How many auditions do you imagine it takes to land a single voiceover job? Five? Ten? Twenty? There must be an average. (There is, but it’s likely to be a great deal more than you might think.)

You build your professional reputation as a voice talent and as an actor by consistently delivering exceptional auditions. Lots and lots and lots of them. Which is why tenacity is such a critical element to succeed in this, or frankly, any business. So, if it’s walking and chewing gum you’re after… best keep walking. There’s not much demand for that.

You can’t underestimate that a bulk of your job as a professional talent is auditioning. You could even consider them your greatest form of promotion. They just shouldn’t be your only form of promotion, as it appears to be for better than 85% of all talent out there. Which might explain what’s undermining the success of so many remarkably talented individuals. Without persistence and promotion, it’s not likely you’re going anywhere.

So as much as voicing all those auditions may seem like a numbers game, rigged in favor of someone else, but not you. While you might be invited to audition for one or two projects without a demo, you can’t go for very long without training and professionally produced voiceover demos if you hope to score auditions on a consistent basis.

Voiceover demos, by design, audition for you PRIOR to being considered to audition directly for a project, whether that be through a talent agency, a casting source, or an independent contractor. Demos, left to their own devices, aren’t able to do that. Simply having a demo won’t score you work. They only drive employment, if you drive them. And for the record demos are not a resume of what you’ve done, but rather a professional demonstration of the work you’re best suited to land. Even the most talented, skillful and experienced create work for their demos, often whole cloth. Demos are expected to sound like the real thing: nationally broadcast union commercials and narrations. They’re meant to seamlessly advertise your very best abilities, and define where you belong to encourage auditions from multiple streams.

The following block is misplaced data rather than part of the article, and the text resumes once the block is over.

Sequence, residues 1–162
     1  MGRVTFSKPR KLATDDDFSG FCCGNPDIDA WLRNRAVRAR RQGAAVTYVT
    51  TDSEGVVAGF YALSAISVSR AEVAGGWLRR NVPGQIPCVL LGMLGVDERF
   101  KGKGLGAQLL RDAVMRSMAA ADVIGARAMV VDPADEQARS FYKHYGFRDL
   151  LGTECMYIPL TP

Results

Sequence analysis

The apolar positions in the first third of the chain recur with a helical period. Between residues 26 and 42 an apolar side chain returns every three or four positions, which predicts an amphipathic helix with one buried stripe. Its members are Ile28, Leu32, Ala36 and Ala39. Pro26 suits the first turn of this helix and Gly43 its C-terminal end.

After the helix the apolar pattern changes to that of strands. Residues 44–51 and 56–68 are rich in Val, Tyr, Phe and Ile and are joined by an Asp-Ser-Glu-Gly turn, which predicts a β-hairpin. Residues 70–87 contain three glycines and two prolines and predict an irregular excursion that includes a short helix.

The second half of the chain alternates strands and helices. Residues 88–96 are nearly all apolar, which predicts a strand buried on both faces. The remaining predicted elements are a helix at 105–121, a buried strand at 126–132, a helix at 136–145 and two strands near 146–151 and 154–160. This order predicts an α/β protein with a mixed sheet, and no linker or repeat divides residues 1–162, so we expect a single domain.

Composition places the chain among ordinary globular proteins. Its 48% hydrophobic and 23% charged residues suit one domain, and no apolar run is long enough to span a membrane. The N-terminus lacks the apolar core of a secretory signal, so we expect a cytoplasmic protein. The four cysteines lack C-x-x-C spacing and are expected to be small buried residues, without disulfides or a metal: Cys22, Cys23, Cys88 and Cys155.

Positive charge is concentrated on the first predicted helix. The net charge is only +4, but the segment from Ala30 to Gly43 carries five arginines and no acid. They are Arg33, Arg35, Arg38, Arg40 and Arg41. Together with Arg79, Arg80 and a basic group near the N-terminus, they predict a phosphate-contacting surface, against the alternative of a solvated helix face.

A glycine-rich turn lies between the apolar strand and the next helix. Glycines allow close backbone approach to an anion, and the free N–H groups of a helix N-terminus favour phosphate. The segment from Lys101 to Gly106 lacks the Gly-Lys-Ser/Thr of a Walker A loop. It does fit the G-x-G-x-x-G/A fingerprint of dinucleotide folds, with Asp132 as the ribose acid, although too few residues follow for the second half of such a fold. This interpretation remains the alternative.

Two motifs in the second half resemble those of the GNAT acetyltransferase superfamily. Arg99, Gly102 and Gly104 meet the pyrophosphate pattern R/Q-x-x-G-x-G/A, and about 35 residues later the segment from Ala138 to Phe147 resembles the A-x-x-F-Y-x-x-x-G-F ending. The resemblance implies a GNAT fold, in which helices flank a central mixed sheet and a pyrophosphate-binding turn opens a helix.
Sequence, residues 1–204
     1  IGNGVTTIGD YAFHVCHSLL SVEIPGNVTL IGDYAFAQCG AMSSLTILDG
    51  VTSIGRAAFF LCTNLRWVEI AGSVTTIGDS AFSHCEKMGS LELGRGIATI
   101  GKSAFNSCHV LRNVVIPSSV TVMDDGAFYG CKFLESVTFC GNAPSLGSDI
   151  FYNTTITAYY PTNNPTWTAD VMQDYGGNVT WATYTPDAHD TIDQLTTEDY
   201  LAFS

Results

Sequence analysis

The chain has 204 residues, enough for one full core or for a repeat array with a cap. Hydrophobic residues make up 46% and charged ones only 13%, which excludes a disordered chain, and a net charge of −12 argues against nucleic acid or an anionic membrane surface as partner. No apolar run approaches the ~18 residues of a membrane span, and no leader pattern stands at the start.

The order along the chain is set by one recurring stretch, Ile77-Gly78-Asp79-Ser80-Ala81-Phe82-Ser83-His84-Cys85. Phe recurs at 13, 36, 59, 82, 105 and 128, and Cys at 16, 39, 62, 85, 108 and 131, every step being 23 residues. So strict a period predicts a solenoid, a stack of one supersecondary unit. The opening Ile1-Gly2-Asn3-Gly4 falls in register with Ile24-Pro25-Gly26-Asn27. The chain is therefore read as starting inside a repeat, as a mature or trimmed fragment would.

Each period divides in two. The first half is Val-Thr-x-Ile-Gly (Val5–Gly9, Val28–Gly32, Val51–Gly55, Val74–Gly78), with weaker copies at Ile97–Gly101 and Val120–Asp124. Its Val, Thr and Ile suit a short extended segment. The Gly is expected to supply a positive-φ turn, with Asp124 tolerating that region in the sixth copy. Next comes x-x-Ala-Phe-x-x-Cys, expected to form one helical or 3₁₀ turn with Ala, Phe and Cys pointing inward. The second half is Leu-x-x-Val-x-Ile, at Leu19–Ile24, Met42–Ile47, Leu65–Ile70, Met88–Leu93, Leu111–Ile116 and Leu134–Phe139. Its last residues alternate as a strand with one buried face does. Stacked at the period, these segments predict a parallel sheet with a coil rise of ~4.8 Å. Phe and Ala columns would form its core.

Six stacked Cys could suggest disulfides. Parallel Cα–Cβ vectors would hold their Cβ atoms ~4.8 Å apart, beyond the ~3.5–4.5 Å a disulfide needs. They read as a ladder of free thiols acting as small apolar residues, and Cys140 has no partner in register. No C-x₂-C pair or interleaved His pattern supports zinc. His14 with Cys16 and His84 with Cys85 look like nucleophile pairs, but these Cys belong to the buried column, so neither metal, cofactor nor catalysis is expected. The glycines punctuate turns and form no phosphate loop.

Which is why you can’t be under estimate the importance of momentum and its impact on whether you have a career or not. The problem is so many talent lean back rather than double down directly following having their voiceover demos produced. Careful. You can create a habit out of starting and stopping your career, which only serves to undermine your confidence, and derail your career before it’s had the opportunity take root.

But, before you throw in the towel, convinced auditioning is a numbers game, consider a few key stats from SAG-AFTRA and the US Department of Labor and Statistics:

– There’s been a dramatic increase in the amount of voiceovers required to be voiced in recent years, and an even greater demand since the pandemic came to pass. EVERY industry, every product and service has been busy updating their approach and policies in order to maintain and build relations with their client base on nearly every level.

– It takes an average of 200 auditions to book a job.